I am not concerned with targets of 0·7 per cent. GNP, because development is a more difficult question than meeting United Nations targets. We must increase the sum so that it is effective aid that provides development. If the figure happens to be 0·7 per cent., so be it, but I do not go along with the Pearson report view that it should be 0·7 per cent., 0·8 per cent., 1 per cent. or whatever. It must be effective development aid that will generate employment in the host country and our own domestic economy. That is the objective that we should adopt.
There are two aspects of bilateral aid on which we must concentrate. First, we must try to cease export subsidies under the trade-aid arrangements. That takes an estimated £54 million out of our present arrangements, and the figure is likely to increase.
Britain is not the only country that is subsidising exports. It is happening in the whole of western Europe as well as in Japan and the United States. All are indulging in competitive export subsidies to Third world countries, many of which are not the poorest. They are the newly emergent countries. That is a distortion in world trade terms that will not benefit the domestic economies of either the host or the donor. We must work with greater determination towards eliminating them.
Secondly, we must work to eliminate agricultural subsidies. Commodity prices, which are vital to Third world development, are important when one considers a product such as sugar. Much of the Third world produces sugar for export—the West Indies in particular—and has done for many years. Included among those are Swaziland, the Sudan and even Nigeria. Those countries must export to the world market because they cannot get all their produce taken at a special rate into the United States or the European Community. As a result, they face prices on the world market that are incredibly low—£90 a tonne the last time I looked from a 1975 high of £600 a tonne. Today's price is about £250 a tonne less than the cost of production in the most economic sugar fields in the West Indies. That arises because the European Community puts sugar on to the world market at prices that are subsidised through the CAP. That must cease, and we must be determined to ensure that it does. Such a move will provide additional income to Third world countries which will have worked for it. They will be in control of their receipts and will benefit in a way that their Governments and peoples so choose.
We should restructure our budget to ensure that our project aid through the Commonwealth Development Association is increased as a percentage of our bilateral aid. We do not want to prejudice our very good overseas aid programmme for the areas that need social, education, health and infrastructure developments. We must increase our bilateral aid programme.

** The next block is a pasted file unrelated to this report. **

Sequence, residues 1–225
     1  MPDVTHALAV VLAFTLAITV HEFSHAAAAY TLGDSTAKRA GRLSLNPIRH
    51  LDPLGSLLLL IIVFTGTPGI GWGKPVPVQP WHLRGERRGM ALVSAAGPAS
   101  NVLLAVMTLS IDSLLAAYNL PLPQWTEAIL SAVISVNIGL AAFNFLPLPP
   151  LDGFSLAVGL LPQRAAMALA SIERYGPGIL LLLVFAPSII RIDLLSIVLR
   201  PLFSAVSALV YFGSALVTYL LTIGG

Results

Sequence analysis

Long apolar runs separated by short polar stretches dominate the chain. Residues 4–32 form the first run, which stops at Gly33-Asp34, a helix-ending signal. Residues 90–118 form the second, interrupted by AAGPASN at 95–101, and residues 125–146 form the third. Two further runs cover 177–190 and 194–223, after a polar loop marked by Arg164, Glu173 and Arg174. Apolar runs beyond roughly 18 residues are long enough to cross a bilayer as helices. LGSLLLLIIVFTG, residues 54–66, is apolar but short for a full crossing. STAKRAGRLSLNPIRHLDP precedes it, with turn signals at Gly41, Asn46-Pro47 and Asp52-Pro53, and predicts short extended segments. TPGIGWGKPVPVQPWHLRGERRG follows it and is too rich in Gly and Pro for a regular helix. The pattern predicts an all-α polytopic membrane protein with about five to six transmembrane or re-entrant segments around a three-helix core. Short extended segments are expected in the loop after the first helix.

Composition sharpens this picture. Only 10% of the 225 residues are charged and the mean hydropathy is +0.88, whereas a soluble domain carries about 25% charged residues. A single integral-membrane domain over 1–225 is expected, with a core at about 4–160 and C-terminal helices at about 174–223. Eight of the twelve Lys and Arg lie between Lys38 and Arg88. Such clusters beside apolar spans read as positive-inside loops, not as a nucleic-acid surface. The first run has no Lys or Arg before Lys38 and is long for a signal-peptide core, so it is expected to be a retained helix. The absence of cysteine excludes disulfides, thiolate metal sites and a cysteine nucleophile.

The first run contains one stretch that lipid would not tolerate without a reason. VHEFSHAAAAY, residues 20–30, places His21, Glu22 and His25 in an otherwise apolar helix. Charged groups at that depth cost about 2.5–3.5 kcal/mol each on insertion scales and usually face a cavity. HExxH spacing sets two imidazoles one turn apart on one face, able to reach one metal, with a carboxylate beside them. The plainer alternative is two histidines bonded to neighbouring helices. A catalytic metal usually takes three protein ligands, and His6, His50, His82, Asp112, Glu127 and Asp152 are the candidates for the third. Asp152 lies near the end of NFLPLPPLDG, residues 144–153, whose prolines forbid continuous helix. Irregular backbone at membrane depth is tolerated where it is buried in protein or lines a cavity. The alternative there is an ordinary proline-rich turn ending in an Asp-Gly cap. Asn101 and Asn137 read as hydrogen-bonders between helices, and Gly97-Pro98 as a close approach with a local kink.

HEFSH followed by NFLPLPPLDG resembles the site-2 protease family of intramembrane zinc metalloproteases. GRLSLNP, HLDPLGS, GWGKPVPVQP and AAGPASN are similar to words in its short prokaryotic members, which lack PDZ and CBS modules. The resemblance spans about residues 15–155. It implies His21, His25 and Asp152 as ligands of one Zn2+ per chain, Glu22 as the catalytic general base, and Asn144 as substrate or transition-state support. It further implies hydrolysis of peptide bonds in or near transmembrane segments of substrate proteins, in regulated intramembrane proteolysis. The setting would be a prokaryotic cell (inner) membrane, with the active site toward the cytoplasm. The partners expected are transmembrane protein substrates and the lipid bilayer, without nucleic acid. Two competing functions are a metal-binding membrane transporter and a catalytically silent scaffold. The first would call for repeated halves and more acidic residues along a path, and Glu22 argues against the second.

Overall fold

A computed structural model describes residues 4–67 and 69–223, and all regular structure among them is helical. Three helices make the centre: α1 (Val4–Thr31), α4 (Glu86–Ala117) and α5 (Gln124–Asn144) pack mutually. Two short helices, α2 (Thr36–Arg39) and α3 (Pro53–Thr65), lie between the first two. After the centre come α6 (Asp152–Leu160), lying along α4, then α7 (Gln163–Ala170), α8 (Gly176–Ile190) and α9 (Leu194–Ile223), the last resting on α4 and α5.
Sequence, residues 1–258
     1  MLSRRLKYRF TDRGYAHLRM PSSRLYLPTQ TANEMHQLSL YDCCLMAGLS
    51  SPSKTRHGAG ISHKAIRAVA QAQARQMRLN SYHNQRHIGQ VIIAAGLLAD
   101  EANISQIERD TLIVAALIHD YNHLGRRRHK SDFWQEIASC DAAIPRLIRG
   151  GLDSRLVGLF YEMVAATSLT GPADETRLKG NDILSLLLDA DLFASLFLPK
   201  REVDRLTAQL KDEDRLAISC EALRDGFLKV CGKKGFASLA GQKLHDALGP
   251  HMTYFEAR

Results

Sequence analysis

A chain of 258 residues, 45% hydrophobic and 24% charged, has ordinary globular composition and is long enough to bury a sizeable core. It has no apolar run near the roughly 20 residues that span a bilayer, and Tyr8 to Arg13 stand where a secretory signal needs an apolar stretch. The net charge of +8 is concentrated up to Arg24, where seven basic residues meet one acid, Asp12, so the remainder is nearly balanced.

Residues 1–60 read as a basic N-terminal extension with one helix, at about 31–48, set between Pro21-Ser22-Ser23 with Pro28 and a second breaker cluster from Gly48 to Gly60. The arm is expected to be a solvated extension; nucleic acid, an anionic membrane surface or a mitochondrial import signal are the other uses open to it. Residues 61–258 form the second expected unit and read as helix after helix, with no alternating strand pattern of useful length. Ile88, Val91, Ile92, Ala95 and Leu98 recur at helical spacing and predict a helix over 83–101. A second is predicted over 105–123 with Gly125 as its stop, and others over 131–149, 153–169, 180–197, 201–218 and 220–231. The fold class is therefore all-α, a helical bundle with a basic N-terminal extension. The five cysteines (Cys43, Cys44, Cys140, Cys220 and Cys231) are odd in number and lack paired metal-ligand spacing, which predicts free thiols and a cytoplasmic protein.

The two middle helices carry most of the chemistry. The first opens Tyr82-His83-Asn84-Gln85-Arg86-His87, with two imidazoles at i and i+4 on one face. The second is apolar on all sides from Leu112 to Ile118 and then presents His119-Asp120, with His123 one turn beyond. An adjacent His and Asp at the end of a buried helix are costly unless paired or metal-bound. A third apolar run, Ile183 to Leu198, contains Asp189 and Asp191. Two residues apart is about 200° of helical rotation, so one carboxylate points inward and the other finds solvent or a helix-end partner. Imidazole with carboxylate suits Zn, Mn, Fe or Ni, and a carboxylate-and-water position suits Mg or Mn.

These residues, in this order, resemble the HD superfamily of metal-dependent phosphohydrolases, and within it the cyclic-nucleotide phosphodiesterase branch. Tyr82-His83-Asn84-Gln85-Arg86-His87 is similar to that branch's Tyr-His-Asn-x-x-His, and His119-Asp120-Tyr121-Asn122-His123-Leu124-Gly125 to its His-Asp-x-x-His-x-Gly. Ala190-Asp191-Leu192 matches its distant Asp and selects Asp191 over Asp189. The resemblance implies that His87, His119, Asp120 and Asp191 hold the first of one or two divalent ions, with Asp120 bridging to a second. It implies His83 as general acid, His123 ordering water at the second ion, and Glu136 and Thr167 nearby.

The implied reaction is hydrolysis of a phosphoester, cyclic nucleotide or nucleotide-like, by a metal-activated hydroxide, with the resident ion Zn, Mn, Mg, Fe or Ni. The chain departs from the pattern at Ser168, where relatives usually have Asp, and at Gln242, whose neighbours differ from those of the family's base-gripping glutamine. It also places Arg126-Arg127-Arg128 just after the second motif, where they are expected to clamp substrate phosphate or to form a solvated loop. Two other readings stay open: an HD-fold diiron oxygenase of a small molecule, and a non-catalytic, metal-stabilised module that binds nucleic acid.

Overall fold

We must control more closely the EC's use of our increased contributions to the European development fund. I hope that the Select Committee on Overseas Development will take up the issue and provide a detailed report on which we can base our arguments to assist the Minister for Overseas Development in his arguments for a realignment of the programme so that it assists the least developed countries and does not become an agent of the CAP programme.
We must create the political will. We must hunt for coordination in all these matters. No single solution will provide what we need. It is not just a question of increasing aid by slinging money. We must have the political will to reform the monetary system and to increase aid efforts and their co-ordination. In countries such as Tanzania different aid agencies undermine each other, which is useless. It is important that the IBRD structural adjustment loans are constructed with bilateral programmes in mind so that they all slot into a co-ordinated programme of assistance to any one country. Clearly that does not happen in Tanzania. Tanzania is short of food. It has just imported a large amount of food into Dar-es-Salaam, but it is going to waste. Members of the Select Committee visited southern Tanzania and saw that food could not be transported because of a lack of spare parts for lorries as a result of having no foreign exchange. The French are building a spanking new airport in Dar-es-Salaam. What a foolish waste of scarce resources that is.
We need additional determination to co-ordinate efforts to ensure that money is used properly. We must maintain the open trading system so that countries can trade and improve and increase their own wealth. I beg the Government to increase still further their efforts to ensure that they lead with their arguments at the conferences.
If the difference between this Government's attitude in 1979 to the question of aid has improved by a turn-round of, say, 500 per cent., it must be improved and built on again until there is an increase this year of 1,000 per cent., supported by the Treasury and Civil Service Committee as well as by the Foreign Office, the Department of Trade, the Department of Employment and the Department of Education and Science. They must all make the programme the central issue so that we can cure our domestic unemployment and improve the prosperity of the poorest people in the world.